MCGRAW: They’ve traveled such a long distance from being objects in your living room to being in luxury retail stores. Do you think that’s changed the sculptures? 

SPICHTIG: In a way, it’s the success story of the ghosts. First they were from a thrift store, and now they’re luxury clothes. But to me, they haven’t changed at all. 

MCGRAW: It almost turns the ghosts into one big performance. Once they were poor, and now they’ve become rich. 

Photo by Annik Wetter. Courtesy Balenciaga.

SPICHTIG: But they’re still doing the same act. They’re just annoying and standing around and nobody knows what they’re there for. In a strange way, they’re unspectacular. Because they’re empty. They’re really empty. I like that. 

MCGRAW: How do you think the average shopper is going to interact with the sculptures? 

SPICHTIG: I think the average shopper would look at them the same way they might look at any other sculpture, person or clothes. Some people might not even notice them. 

MCGRAW: I feel like that would upset most artists. 

SPICHTIG: Well of course they would notice them, but the ghosts are like an object, but also nothing…But because they’re nothing, they become more than nothing. People fill them with love because they can’t wear them. 

MCGRAW: What does it say to show the same works in a store after a gallery? Is a gallery just a store anyway? 

SPICHTIG: Yeah, except in a store you can’t buy the sculptures, and in a gallery you can’t buy the clothes a gallerist is wearing. But it’s the old question of money and art. And I don’t think you can have an opinion on money and art because that’s like having an opinion on water. 

MCGRAW: Is there a relationship between the fashion of your sculptures and your paintings? They often include things like models, clothes, or sunglasses etc.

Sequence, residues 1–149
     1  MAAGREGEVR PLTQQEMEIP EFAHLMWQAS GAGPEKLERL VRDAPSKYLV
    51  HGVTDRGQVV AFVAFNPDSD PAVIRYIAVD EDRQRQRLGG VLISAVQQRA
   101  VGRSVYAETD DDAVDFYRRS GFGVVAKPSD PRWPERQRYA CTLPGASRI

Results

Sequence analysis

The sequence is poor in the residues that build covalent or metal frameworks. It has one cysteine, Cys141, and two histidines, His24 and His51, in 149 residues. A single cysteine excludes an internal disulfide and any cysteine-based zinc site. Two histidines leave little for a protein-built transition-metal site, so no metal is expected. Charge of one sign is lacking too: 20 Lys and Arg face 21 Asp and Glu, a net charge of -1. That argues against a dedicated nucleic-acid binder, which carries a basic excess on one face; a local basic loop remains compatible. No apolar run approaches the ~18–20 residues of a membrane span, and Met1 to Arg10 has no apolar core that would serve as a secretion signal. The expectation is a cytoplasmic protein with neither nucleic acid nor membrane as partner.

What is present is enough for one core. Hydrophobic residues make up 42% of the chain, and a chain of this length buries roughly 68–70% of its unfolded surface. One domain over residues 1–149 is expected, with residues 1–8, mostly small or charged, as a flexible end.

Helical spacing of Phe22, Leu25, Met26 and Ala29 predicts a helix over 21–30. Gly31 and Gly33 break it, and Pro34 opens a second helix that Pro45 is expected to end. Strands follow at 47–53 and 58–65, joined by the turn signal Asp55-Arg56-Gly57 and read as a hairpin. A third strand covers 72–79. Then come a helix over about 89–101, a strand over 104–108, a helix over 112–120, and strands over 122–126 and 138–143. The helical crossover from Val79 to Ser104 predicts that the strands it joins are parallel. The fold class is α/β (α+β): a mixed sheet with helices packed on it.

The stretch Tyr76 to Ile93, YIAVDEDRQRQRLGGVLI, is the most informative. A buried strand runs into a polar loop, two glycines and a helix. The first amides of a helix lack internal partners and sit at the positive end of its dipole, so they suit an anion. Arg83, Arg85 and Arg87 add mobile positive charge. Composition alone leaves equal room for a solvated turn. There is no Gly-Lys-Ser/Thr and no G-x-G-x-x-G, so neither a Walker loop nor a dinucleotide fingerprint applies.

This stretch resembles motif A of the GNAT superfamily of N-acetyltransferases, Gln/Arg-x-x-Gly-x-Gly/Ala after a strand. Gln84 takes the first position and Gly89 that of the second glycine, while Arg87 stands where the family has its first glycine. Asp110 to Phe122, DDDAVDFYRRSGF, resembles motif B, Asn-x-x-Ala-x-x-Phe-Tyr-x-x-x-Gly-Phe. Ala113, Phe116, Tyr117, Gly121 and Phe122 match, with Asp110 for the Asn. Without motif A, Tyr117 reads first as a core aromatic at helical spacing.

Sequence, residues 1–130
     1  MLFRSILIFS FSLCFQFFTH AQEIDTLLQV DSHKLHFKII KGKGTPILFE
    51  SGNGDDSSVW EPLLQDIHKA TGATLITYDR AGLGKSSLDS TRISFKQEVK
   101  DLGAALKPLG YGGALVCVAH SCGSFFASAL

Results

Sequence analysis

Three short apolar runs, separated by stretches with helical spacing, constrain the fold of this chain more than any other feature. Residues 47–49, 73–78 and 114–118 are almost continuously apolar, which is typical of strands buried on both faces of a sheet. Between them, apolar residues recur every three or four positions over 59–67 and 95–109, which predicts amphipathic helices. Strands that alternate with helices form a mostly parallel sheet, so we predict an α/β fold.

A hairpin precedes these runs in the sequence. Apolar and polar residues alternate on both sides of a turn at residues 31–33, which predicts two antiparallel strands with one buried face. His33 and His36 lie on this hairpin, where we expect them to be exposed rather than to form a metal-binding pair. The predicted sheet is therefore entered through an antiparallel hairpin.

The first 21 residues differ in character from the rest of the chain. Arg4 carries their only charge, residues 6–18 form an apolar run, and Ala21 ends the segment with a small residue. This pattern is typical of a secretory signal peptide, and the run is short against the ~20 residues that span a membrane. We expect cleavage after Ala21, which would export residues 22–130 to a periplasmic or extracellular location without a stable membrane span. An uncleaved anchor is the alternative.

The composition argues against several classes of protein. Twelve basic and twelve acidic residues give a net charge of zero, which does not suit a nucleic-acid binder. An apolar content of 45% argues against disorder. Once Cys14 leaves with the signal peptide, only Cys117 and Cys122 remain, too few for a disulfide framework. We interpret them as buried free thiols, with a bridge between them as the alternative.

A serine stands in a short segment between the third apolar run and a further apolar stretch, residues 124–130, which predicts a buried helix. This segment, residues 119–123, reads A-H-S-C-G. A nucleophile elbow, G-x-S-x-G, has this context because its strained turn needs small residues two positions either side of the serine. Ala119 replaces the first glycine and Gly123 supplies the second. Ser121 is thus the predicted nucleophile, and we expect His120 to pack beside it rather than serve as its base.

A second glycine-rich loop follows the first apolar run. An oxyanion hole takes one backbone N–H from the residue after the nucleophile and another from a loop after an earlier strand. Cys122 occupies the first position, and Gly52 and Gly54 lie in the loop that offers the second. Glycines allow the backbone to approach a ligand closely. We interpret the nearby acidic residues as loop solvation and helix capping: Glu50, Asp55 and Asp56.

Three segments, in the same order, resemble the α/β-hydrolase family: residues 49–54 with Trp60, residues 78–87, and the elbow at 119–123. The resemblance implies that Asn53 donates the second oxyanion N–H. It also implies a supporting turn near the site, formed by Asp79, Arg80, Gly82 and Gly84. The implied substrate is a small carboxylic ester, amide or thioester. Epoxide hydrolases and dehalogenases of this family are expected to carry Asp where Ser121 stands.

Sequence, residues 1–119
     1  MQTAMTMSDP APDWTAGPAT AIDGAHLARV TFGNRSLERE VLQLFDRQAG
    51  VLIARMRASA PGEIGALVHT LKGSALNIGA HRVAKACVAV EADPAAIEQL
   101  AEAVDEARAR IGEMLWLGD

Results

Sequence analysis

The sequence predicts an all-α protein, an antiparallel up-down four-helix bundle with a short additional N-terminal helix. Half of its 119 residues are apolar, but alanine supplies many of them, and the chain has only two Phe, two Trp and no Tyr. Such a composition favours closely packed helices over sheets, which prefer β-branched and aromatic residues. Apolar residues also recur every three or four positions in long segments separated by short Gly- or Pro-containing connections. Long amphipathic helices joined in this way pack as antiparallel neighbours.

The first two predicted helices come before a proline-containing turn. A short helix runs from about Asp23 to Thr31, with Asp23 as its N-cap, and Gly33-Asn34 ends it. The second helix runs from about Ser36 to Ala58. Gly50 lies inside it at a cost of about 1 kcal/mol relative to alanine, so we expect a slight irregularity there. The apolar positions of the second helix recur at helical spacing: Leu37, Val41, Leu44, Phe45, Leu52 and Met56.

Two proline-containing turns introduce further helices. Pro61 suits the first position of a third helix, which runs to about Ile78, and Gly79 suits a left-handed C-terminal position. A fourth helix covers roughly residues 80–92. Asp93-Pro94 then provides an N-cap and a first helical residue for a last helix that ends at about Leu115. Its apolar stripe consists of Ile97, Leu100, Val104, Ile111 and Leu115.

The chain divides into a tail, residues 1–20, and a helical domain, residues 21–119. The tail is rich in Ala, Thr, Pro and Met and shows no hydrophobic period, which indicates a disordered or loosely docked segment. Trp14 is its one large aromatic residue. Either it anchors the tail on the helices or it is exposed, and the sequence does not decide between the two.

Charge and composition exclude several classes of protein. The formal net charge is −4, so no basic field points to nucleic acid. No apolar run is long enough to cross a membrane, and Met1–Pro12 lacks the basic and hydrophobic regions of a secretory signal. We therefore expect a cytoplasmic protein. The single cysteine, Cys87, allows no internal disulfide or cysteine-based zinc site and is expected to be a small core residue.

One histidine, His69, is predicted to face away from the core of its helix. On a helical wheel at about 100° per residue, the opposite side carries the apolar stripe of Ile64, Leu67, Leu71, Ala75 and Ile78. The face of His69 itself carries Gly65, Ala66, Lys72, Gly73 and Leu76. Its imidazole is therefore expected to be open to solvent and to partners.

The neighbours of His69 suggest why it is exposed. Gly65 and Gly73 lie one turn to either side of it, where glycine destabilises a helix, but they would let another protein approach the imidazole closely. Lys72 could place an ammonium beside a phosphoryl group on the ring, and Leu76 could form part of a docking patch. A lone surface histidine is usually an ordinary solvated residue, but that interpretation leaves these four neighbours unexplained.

Tobias Spitchtig, Die vier Jahreszeiten, 2019. Courtesy the artist.

SPICHTIG: Yeah, it’s just what’s around. It’s what people do, and what they wear. With the sunglasses you’re not sure if the painting is looking at you, or you’re looking at the painting. My neighbor also has an amazing sunglasses collection. But the painting could just as easily be a flower, but a flower doesn’t look at you. 

MCGRAW: Do you believe in ghosts? 

SPICHTIG: There are all these chapels around where I grew up that are from medieval times, and they all had these bone walls and sculptures of death and monks and so on. All of these sculptures looked like ghosts and they had this crazy presence that came from an emptiness that they had. Not in a scary way, but more in an elegant way. They were also kind of funny actually. So I wanted to recreate that presence, only with sports clothes.

MCGRAW: Humor plays a big part in your work, although I have trouble identifying it directly. It’s just kind of there… 

SPICHTIG: Well, whenever I try to be serious, people think it’s funny. Serious things are always funny. 

MCGRAW: So the Grim Reaper is like a comedian. 

SPICHTIG: If you stand on a stage, you’re already funny. If you really stand for something, it’s always going to be comical. And of course, the Grim Reaper is the last one standing.